Towards self-determination in quality of life research: a dialogic approach

Medicine, Health Care and Philosophy 13 (1):67-76 (2010)
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Abstract

Health-related quality of life measures aim to assess patients’ subjective experience in order to gauge an increasingly wide variety of health care issues such as patient needs; satisfaction; side effects; quality of care; disease progression and cost effectiveness. Their popularity is undoubtedly due to a larger initiative to provide patient-centered care. The use of patient perspectives to guide health care improvements and spending is rooted in the idea that we must respect patients as self-determining agents. In this paper I look at the two main orientations to quality of life measurement: standardized and individualized measures. I argue that while these measures are attempts to provide for patient self-determination, they both fail to do so. In their place I suggest a new approach which overcomes their respective difficulties: a dialogic approach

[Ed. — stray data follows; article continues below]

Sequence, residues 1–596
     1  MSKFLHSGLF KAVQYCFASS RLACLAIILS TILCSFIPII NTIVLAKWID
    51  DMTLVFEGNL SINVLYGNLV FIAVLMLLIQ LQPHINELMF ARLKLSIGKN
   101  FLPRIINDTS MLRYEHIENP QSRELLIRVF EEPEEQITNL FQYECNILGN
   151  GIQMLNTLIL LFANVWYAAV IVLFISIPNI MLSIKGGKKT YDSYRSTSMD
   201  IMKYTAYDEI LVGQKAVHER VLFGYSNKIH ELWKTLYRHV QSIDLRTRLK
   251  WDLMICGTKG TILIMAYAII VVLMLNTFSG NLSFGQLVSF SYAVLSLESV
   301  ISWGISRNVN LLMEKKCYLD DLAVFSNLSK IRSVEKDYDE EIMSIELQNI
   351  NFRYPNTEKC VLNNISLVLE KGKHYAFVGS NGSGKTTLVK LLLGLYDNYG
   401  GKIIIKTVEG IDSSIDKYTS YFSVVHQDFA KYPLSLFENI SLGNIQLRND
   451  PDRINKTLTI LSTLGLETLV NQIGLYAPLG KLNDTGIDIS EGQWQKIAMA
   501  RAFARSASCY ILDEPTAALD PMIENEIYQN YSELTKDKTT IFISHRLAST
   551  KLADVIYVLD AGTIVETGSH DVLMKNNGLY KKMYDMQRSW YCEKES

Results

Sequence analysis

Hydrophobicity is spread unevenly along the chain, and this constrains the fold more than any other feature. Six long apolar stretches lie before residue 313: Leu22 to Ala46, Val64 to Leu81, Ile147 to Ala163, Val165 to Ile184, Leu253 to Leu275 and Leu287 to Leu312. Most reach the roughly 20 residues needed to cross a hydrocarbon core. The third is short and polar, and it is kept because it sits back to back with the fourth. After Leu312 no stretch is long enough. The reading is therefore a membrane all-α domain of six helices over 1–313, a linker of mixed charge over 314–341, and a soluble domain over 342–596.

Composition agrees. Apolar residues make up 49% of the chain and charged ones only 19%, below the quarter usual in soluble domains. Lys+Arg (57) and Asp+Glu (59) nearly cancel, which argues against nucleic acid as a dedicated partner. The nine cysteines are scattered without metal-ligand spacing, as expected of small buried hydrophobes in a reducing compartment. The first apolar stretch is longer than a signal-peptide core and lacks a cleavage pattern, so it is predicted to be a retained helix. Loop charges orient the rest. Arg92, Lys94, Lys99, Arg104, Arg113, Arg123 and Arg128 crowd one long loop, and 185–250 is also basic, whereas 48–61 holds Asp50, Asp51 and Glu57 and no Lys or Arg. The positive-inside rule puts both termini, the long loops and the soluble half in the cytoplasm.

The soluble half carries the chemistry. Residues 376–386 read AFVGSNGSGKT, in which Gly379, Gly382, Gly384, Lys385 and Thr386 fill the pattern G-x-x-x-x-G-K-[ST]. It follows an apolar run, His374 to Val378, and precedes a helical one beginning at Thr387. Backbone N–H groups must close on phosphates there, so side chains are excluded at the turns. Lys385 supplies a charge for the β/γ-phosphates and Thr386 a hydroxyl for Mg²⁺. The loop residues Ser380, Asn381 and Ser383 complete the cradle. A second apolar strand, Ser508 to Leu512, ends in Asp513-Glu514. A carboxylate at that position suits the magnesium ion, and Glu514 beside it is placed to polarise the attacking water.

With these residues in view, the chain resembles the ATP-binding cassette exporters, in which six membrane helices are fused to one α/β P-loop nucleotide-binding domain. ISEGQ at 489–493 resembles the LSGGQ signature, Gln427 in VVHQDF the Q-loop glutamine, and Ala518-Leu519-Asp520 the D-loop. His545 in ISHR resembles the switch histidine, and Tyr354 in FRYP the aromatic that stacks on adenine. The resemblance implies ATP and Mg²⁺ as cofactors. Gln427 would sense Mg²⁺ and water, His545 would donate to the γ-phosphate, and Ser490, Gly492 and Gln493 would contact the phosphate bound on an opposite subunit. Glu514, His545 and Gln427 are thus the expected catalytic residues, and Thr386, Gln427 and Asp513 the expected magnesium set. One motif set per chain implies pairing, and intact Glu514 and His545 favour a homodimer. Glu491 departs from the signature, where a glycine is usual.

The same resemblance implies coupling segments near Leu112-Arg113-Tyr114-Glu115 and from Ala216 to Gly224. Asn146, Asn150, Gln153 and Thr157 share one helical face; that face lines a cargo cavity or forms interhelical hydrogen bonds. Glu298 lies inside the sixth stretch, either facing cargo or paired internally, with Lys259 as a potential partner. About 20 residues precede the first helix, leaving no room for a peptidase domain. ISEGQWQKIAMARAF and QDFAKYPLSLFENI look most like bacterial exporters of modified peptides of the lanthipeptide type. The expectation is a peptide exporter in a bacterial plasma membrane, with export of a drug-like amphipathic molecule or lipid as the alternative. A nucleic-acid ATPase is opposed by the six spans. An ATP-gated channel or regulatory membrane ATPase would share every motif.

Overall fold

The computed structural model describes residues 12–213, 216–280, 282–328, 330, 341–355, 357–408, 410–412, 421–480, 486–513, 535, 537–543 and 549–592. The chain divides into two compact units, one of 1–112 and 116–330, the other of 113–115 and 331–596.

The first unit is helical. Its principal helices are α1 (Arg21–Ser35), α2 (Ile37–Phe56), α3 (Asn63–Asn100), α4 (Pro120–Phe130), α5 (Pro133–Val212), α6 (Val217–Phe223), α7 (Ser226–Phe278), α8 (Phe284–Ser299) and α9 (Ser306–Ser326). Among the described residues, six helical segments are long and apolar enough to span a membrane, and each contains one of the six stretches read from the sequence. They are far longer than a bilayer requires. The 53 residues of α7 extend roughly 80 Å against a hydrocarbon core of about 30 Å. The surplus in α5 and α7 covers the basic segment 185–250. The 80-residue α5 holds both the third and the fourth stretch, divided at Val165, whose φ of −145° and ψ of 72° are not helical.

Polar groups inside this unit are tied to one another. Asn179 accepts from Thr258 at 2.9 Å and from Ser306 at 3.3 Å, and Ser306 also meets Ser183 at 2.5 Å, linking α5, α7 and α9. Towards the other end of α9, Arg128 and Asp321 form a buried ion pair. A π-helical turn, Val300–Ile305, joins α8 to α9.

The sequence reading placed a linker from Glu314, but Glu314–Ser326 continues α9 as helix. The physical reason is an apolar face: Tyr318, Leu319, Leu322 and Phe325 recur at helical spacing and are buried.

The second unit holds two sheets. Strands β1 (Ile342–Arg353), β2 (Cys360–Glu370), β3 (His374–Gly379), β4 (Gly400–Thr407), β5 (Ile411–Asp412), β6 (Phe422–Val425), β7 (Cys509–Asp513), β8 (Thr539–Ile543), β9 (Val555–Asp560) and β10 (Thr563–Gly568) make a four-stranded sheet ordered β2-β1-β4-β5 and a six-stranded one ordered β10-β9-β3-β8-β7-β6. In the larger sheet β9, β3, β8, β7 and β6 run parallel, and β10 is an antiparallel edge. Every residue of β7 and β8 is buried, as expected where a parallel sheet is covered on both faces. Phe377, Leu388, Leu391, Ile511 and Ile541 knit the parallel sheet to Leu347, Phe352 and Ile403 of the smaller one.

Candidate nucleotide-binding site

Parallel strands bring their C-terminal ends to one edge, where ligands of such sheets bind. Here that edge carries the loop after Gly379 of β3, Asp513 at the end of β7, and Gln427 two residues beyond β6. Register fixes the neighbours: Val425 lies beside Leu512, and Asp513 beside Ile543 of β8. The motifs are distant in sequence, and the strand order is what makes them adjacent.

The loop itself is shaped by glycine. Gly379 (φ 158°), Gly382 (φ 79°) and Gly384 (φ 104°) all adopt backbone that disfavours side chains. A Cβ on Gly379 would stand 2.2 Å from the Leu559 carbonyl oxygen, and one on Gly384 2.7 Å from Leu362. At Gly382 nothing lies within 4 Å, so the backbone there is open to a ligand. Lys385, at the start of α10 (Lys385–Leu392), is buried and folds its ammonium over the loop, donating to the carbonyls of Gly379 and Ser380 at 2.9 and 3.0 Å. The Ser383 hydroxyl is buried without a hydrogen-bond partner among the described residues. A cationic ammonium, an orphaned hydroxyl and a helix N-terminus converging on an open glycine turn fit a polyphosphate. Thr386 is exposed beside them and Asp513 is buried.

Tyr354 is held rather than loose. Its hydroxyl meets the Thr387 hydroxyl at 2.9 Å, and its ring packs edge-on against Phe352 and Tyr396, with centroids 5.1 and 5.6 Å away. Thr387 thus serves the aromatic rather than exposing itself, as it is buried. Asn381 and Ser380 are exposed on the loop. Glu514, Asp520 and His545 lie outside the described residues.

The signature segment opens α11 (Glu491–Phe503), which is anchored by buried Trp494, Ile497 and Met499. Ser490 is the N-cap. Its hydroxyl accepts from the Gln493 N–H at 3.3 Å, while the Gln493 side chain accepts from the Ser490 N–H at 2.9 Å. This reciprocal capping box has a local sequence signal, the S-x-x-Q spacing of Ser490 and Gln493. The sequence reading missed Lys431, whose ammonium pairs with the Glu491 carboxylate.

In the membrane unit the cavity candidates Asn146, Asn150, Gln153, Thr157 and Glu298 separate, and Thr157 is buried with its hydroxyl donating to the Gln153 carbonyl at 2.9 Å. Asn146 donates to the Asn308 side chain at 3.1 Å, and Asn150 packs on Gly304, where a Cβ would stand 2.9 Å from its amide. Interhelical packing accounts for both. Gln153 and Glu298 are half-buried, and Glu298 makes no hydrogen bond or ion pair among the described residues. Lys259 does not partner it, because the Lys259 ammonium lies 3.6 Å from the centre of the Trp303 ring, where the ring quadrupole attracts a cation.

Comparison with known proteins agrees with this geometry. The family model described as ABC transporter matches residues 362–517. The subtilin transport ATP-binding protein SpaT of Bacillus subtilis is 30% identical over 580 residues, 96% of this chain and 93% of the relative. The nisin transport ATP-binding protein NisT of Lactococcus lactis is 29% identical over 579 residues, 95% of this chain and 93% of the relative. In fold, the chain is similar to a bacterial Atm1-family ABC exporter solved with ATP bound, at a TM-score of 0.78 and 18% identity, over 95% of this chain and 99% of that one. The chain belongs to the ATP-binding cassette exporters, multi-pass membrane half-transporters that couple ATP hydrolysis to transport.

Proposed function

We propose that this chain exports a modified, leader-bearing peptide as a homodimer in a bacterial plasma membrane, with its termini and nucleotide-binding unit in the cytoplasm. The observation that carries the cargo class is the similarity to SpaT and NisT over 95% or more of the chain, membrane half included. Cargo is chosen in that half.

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Leah McClimans
University of South Carolina

Citations of this work

A Theoretical Framework for Patient-Reported Outcome Measures.Leah McClimans - 2010 - Theoretical Medicine and Bioethics 31 (3):225-240.
The Role of Measurement in Establishing Evidence.L. McClimans - 2013 - Journal of Medicine and Philosophy 38 (5):520-538.
Quality of Life is a Process Not an Outcome.Leah McClimans & John P. Browne - 2012 - Theoretical Medicine and Bioethics 33 (4):279-292.
Choosing a Patient-Reported Outcome Measure.Leah M. McClimans & John Browne - 2011 - Theoretical Medicine and Bioethics 32 (1):47-60.

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References found in this work

Truth and Method.H. G. Gadamer - 1975 - Journal of Aesthetics and Art Criticism 36 (4):487-490.
Autonomy and Trust in Bioethics.Onora O'Neill - 2002 - Cambridge University Press.
Sex and Social Justice.Patrick D. Hopkins - 2000 - Hypatia 17 (2):171-173.

View all 7 references / Add more references